The Signal messaging app has seen a rise in downloads ever since WhatsApp announced its new privacy policies. WhatsApp, currently owned by Facebook, in its new privacy terms, has the right to share users’ data, including phone numbers and location, something that many people have not liked. In response to these terms that privacy advocates are questioning, many users have now shifted to Telegram and Signal, as suggested by these advocates. To cater for the new users, Signal has since then added more servers. Additionally, WhatsApp has had a decline in downloads of 7%, while the number of people installing Signal daily is about to exceed 1 million.
About 810,000 users globally installed Signal on Sunday, nearly 18-fold compared with the download numbers on Jan. 6, the day WhatsApp updated its privacy terms, according to data from research firm Apptopia.
Privacy advocates have questioned the move citing Facebook’s track record in handling user data, with many suggesting users to migrate to platforms such as Telegram and Signal.Reuters
A tweet by Elon Musk, “use Signal,” that was intended to suggest the app to many people ended up getting misunderstood. People went ahead and bought shares in a technology component manufacturing company in Texas, Signal Advance. Interestingly, this company has no connection with the messaging app nor Tesla CEO Elon Musk’s tweet.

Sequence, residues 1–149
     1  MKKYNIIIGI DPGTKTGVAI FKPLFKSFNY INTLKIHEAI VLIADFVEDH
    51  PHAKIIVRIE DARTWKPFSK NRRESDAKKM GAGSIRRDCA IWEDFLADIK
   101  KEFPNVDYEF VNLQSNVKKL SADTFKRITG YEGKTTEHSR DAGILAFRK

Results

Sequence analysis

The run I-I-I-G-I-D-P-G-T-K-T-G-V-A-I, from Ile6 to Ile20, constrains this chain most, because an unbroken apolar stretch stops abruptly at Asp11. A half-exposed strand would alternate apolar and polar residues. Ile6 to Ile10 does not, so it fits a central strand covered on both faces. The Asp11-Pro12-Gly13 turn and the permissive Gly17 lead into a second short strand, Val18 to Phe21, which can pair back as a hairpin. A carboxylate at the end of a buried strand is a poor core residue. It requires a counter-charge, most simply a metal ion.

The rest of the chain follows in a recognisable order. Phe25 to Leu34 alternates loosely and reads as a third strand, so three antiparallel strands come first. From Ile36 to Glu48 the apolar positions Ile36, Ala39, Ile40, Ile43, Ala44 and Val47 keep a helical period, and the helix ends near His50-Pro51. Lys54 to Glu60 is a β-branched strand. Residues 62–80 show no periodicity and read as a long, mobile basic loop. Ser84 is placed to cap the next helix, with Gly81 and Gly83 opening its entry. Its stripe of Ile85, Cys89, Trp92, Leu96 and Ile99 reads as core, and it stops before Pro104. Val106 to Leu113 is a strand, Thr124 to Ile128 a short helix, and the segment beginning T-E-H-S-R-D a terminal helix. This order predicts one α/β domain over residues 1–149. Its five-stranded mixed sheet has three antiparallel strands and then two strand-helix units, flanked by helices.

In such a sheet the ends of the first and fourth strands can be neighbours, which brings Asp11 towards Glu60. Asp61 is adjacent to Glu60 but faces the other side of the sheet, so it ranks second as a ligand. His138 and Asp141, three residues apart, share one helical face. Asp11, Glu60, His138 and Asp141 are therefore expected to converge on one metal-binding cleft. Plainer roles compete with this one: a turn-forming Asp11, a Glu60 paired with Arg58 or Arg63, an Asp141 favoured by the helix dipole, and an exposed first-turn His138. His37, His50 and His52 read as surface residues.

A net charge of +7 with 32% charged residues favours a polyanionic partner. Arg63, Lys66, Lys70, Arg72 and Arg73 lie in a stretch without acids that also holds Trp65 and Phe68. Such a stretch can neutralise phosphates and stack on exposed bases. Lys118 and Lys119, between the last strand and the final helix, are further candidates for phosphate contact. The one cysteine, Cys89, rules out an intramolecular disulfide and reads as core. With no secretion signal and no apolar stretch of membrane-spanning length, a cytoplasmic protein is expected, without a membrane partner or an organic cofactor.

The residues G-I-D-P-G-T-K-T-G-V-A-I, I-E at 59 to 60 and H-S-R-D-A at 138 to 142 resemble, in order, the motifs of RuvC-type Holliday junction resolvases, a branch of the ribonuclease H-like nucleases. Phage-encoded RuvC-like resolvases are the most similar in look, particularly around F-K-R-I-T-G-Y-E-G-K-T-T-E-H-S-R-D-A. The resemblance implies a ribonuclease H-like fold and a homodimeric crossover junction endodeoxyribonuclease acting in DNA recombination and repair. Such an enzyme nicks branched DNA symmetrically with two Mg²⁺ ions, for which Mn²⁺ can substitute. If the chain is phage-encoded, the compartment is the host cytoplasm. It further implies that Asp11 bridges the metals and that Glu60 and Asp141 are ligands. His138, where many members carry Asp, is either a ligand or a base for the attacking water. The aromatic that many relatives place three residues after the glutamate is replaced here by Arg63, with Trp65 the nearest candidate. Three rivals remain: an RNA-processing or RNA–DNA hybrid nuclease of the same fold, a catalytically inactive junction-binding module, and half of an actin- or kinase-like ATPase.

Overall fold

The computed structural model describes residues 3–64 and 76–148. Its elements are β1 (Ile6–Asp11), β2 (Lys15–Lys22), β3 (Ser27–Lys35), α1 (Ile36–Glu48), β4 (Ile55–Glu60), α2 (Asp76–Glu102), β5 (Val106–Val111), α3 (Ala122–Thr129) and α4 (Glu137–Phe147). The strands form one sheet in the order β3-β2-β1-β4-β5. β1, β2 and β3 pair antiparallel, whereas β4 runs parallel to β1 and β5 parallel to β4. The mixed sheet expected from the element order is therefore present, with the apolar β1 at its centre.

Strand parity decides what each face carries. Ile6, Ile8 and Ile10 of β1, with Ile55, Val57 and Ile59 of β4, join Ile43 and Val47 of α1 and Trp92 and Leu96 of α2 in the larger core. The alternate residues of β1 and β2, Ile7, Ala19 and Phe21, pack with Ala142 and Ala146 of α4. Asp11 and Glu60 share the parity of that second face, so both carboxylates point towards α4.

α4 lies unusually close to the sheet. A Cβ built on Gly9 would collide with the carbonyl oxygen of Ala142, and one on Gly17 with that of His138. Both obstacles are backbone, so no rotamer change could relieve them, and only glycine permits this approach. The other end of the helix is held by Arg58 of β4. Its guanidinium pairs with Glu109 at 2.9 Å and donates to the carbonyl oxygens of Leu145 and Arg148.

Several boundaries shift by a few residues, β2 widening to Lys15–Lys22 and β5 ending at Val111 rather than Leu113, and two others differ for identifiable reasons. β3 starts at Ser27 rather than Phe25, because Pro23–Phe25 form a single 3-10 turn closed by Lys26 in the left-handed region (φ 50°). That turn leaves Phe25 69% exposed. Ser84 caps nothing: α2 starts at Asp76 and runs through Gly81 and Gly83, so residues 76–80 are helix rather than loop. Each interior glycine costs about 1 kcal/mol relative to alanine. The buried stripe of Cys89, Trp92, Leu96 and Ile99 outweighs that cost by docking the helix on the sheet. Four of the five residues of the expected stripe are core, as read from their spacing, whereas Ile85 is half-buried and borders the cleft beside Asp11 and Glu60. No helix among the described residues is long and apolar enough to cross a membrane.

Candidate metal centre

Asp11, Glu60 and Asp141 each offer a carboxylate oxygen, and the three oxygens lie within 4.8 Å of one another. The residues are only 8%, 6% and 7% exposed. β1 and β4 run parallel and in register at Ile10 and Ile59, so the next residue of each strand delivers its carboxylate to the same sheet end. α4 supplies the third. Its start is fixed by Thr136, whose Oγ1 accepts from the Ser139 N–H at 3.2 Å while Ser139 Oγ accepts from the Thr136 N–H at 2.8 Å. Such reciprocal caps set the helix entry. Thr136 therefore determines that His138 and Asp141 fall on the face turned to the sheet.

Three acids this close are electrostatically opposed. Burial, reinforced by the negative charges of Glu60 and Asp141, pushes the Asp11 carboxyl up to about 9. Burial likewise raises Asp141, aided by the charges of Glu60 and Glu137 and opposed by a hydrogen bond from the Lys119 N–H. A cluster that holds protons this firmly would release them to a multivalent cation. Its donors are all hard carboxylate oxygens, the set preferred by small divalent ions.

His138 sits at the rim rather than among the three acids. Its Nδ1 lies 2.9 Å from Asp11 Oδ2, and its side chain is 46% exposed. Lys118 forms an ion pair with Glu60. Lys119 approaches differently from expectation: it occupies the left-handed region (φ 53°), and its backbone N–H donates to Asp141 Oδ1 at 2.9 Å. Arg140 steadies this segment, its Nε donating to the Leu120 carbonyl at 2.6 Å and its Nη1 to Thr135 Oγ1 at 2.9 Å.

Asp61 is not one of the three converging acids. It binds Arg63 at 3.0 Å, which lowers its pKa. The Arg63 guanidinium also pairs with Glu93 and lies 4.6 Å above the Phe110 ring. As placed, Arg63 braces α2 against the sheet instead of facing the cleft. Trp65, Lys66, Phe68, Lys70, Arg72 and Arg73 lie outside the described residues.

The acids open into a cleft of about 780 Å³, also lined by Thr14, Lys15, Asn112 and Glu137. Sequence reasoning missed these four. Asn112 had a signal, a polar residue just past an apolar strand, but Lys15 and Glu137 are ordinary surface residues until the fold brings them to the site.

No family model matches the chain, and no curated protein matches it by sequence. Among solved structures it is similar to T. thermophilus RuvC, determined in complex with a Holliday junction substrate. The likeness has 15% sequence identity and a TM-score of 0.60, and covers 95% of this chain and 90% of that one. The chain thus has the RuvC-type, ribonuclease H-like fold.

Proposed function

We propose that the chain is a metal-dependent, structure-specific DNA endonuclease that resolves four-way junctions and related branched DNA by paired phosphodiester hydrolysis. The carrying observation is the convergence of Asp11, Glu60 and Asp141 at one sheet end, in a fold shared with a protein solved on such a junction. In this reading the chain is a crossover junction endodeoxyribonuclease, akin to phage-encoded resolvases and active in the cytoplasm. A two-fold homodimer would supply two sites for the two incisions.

Investors and fans of the South African billionaire quickly bought shares of Signal Advance instead, a technology component manufacturing company headquartered in Rosharon, Texas which trades under the ticker SIGL on over-the-counter markets but has no relationship to the messaging app or Musk himself.
Prior to Musk’s tweet, shares of Signal Advance hadn’t climbed above 60 cents. Due almost entirely to investor signals being crossed (sorry), the stock closed at $3.76 on Jan. 7, and $7.19 on Jan. 8. Momentum accelerated even further yesterday, pushing the closing price to $38.70, an increase of 6350% over three trading sessions.Quartz